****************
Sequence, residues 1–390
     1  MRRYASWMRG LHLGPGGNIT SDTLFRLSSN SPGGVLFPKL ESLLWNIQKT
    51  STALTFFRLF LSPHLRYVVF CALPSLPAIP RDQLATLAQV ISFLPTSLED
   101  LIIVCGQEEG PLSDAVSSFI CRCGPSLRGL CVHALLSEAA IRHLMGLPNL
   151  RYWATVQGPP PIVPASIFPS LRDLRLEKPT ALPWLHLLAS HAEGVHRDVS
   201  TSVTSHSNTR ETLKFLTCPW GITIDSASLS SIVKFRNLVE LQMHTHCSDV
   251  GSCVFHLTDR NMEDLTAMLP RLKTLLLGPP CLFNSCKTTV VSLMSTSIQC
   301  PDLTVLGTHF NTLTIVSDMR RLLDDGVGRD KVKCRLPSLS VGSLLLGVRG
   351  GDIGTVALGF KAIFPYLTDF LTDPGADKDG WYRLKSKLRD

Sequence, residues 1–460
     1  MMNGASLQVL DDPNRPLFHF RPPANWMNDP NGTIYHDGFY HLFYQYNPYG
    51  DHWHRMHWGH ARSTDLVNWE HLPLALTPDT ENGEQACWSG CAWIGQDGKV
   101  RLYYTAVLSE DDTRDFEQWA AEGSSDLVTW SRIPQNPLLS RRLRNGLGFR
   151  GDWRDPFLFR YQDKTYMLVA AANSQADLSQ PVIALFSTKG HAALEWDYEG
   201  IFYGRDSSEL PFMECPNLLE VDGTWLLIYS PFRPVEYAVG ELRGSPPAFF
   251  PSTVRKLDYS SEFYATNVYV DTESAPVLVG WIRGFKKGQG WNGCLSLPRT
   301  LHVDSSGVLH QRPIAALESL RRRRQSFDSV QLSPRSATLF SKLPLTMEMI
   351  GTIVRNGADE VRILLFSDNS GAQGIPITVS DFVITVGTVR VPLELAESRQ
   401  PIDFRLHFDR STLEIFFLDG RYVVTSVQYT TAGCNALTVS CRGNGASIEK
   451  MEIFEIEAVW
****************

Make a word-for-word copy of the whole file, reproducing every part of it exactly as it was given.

Sequence, residues 1–390
     1  MRRYASWMRG LHLGPGGNIT SDTLFRLSSN SPGGVLFPKL ESLLWNIQKT
    51  STALTFFRLF LSPHLRYVVF CALPSLPAIP RDQLATLAQV ISFLPTSLED
   101  LIIVCGQEEG PLSDAVSSFI CRCGPSLRGL CVHALLSEAA IRHLMGLPNL
   151  RYWATVQGPP PIVPASIFPS LRDLRLEKPT ALPWLHLLAS HAEGVHRDVS
   201  TSVTSHSNTR ETLKFLTCPW GITIDSASLS SIVKFRNLVE LQMHTHCSDV
   251  GSCVFHLTDR NMEDLTAMLP RLKTLLLGPP CLFNSCKTTV VSLMSTSIQC
   301  PDLTVLGTHF NTLTIVSDMR RLLDDGVGRD KVKCRLPSLS VGSLLLGVRG
   351  GDIGTVALGF KAIFPYLTDF LTDPGADKDG WYRLKSKLRD

Sequence, residues 1–460
     1  MMNGASLQVL DDPNRPLFHF RPPANWMNDP NGTIYHDGFY HLFYQYNPYG
    51  DHWHRMHWGH ARSTDLVNWE HLPLALTPDT ENGEQACWSG CAWIGQDGKV
   101  RLYYTAVLSE DDTRDFEQWA AEGSSDLVTW SRIPQNPLLS RRLRNGLGFR
   151  GDWRDPFLFR YQDKTYMLVA AANSQADLSQ PVIALFSTKG HAALEWDYEG
   201  IFYGRDSSEL PFMECPNLLE VDGTWLLIYS PFRPVEYAVG ELRGSPPAFF
   251  PSTVRKLDYS SEFYATNVYV DTESAPVLVG WIRGFKKGQG WNGCLSLPRT
   301  LHVDSSGVLH QRPIAALESL RRRRQSFDSV QLSPRSATLF SKLPLTMEMI
   351  GTIVRNGADE VRILLFSDNS GAQGIPITVS DFVITVGTVR VPLELAESRQ
   401  PIDFRLHFDR STLEIFFLDG RYVVTSVQYT TAGCNALTVS CRGNGASIEK
   451  MEIFEIEAVW